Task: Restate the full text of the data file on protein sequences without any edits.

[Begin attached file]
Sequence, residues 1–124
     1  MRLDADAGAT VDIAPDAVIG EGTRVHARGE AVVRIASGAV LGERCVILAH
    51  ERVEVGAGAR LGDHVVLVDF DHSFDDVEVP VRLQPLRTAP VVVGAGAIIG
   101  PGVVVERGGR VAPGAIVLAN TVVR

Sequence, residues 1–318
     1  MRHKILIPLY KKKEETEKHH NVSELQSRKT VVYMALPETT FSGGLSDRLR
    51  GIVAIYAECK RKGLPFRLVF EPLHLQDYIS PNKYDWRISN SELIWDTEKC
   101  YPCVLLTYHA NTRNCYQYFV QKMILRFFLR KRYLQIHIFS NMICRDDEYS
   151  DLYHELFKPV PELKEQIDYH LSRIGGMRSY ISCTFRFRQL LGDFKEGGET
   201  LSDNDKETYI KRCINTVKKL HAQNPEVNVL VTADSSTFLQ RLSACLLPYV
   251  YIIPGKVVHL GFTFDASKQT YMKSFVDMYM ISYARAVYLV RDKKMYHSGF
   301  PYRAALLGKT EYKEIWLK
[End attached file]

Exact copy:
Sequence, residues 1–124
     1  MRLDADAGAT VDIAPDAVIG EGTRVHARGE AVVRIASGAV LGERCVILAH
    51  ERVEVGAGAR LGDHVVLVDF DHSFDDVEVP VRLQPLRTAP VVVGAGAIIG
   101  PGVVVERGGR VAPGAIVLAN TVVR

Sequence, residues 1–318
     1  MRHKILIPLY KKKEETEKHH NVSELQSRKT VVYMALPETT FSGGLSDRLR
    51  GIVAIYAECK RKGLPFRLVF EPLHLQDYIS PNKYDWRISN SELIWDTEKC
   101  YPCVLLTYHA NTRNCYQYFV QKMILRFFLR KRYLQIHIFS NMICRDDEYS
   151  DLYHELFKPV PELKEQIDYH LSRIGGMRSY ISCTFRFRQL LGDFKEGGET
   201  LSDNDKETYI KRCINTVKKL HAQNPEVNVL VTADSSTFLQ RLSACLLPYV
   251  YIIPGKVVHL GFTFDASKQT YMKSFVDMYM ISYARAVYLV RDKKMYHSGF
   301  PYRAALLGKT EYKEIWLK